Hockey brothers ready to battle it out in Rio for Olympic glory with Team GB and Ireland
"Our dad is like our biggest fan but he’s caught in the middle."
Hockey playing brothers Mark and Paul Gleghorne are Rio rivals as they prepare to play for opposing teams at the Olympics.
The Antrim pair are already warming up in Brazil, but while Mark will line up for Team GB, Paul will don a the green shirt of Ireland.
Mark said: “I want him to do well and he wants me to do well, but when we compete against each other we don’t want the other one’s team to do well at all, so it’s weird for us because we’ve never been like that before.
“I find playing against Paul very weird, it’s not something that is particularly nice because Paul and I are close, we talk a lot and we’ve grown up together so that’s why it’s a bit strange.”
While the pair can’t meet each other in the early stages of the competition, which begins next week, they could battle it out for a semi-final spot if both teams make it to the quarters.
But one loyal family member is not picking sides, even if their friends already have.
“Our dad is like our biggest fan but he’s caught in the middle and he won’t pick a side whenever we’re playing against each other,” said Mark.
“He says he doesn’t really support a team, he just supports us so quite often he would wear a GB top and an Irish top over the top of the other. He sits on the fence.
“Most of my mates back home seem to support Paul over me though — they want to see Ireland do better than GB but it’s all good fun.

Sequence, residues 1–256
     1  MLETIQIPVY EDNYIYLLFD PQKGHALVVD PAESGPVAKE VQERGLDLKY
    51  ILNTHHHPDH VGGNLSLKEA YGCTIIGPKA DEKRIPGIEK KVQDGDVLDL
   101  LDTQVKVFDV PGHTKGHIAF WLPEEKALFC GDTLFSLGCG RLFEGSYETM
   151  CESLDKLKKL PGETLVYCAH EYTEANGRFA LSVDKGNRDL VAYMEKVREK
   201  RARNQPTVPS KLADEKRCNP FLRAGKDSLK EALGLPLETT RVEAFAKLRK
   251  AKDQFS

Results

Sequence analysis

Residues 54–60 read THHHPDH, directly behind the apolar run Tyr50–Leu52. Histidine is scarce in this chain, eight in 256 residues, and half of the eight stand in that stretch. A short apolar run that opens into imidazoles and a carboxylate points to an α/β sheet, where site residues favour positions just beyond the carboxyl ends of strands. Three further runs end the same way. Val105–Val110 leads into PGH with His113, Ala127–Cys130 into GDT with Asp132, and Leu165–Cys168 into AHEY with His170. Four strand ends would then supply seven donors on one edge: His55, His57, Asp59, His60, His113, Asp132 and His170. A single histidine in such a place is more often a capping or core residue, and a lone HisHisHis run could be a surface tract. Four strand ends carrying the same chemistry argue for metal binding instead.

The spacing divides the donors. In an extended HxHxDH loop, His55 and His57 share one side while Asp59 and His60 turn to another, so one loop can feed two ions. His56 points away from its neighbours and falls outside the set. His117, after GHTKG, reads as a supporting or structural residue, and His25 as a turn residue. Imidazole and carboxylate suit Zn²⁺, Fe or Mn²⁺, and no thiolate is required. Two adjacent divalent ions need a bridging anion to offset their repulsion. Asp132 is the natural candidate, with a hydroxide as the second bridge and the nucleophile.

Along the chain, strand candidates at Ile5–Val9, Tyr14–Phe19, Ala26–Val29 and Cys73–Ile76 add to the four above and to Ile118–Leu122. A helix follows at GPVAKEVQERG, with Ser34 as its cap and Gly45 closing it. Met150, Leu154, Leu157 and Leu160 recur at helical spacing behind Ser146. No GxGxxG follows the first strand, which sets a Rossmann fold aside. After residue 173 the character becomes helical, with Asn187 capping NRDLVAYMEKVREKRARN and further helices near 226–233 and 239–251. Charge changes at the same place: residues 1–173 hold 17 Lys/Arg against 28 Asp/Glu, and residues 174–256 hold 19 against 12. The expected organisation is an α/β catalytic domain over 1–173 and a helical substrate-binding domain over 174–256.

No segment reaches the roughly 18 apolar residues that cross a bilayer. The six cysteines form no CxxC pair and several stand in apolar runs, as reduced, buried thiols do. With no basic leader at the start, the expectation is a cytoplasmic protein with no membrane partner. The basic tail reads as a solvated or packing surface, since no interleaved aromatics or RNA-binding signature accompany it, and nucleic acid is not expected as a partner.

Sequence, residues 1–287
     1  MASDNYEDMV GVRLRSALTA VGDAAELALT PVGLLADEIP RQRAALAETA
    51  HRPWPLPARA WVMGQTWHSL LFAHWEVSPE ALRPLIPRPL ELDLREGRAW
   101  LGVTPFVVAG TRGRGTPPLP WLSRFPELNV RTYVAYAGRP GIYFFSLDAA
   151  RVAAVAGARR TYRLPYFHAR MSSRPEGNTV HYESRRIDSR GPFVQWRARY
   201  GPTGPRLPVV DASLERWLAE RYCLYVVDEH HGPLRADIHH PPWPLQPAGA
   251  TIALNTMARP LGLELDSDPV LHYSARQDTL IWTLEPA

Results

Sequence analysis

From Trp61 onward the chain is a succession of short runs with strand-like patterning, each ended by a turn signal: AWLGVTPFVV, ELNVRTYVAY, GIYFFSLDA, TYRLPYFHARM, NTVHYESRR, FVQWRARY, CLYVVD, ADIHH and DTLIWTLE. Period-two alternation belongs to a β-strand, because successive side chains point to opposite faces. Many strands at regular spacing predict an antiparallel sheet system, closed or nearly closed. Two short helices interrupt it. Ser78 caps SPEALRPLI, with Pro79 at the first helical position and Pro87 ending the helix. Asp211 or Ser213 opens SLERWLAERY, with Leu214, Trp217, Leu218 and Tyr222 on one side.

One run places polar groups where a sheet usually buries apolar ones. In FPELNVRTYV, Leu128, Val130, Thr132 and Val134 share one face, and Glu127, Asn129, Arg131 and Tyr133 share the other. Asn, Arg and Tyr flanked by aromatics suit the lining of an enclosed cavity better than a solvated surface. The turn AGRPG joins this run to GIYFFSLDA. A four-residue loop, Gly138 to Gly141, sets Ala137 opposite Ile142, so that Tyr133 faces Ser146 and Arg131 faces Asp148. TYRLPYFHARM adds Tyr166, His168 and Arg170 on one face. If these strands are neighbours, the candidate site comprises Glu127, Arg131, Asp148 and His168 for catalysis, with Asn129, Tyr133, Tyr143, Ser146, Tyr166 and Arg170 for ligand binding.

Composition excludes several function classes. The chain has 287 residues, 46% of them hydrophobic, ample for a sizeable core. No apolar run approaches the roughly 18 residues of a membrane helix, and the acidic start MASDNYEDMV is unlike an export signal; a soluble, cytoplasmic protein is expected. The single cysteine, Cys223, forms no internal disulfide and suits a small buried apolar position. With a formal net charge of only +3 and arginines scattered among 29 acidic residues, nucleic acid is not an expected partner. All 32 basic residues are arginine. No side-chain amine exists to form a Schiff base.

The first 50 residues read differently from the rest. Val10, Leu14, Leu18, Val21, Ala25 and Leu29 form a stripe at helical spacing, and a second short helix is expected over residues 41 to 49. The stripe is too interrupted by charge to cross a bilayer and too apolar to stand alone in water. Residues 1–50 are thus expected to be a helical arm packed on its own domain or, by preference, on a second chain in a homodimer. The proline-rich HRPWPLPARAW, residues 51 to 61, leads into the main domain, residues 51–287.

“It’s quite nice to have a bit of friendly rivalry so I don’t mind.”
When Mark, 31, and Paul, 28, were just teenagers, their beloved mother passed away after a battle with cancer.
Opening up about his mental health issues last year, Paul bravely wrote a blog about his mental health struggles.
“I don’t think getting to the Olympics defines who you are, but it’s been a goal in our lives and something we’ve worked for a long time,” said Mark.
“It’s among other goals you set yourself but it’s a pretty cool thing to be a part of. We’re just delighted to both be here.
“But I’m here to perform, not just to be an Olympian. It’s part of a lot of goals in our lives, but we want to go out there and play well as well.”
Mark admits it is “strange” to think that the former RBAI pupils could be role models to youngsters in Northern Ireland.
“I remember when I was a kid watching the Olympics or any sport on TV and I wanted to be that person on TV,” he said.
“Paul and I would be out in the back garden pretending to be whoever it was we were watching at the time so it’s strange but pretty cool to think that people could watch that and maybe do the same.
“I’ve never really thought about inspiring people, but I’m really hopeful that GB and Ireland can raise the profile of hockey back home.”
With the GB squad hoping to secure a medal and Ireland with sights on a place the knock-out stages, Mark and Paul both have heavy training schedules in Rio.
Mark said: “We’ve no plans to meet up but we’ll keep in touch and catch up at some stage.
“When you’re here, you play a lot of games in a short space of time so neither of us will be looking to walk too far to meet up.
“GB are ranked fourth in the world so we are a real medal prospect and that’s our target but at international level, there’s very little room for error.
“I’m confident that we can go and do it, though we could end up having to beat Ireland in the process.
“Either way, I always want Paul to play well and vice versa... Just maybe not against each other!”
The Olympic Games kicks off this Friday with a spectacular carnival-themed opening ceremony.
10,500 athletes from 206 countries will compete in the Games, with 29 from Northern Ireland.
Out of our local sports stars, six will represent Team GB while the others will compete for Ireland.
The 306 events will be spread across 32 different venues in Rio, plus other Brazilian cities will host football matches.
Belfast Telegraph Digital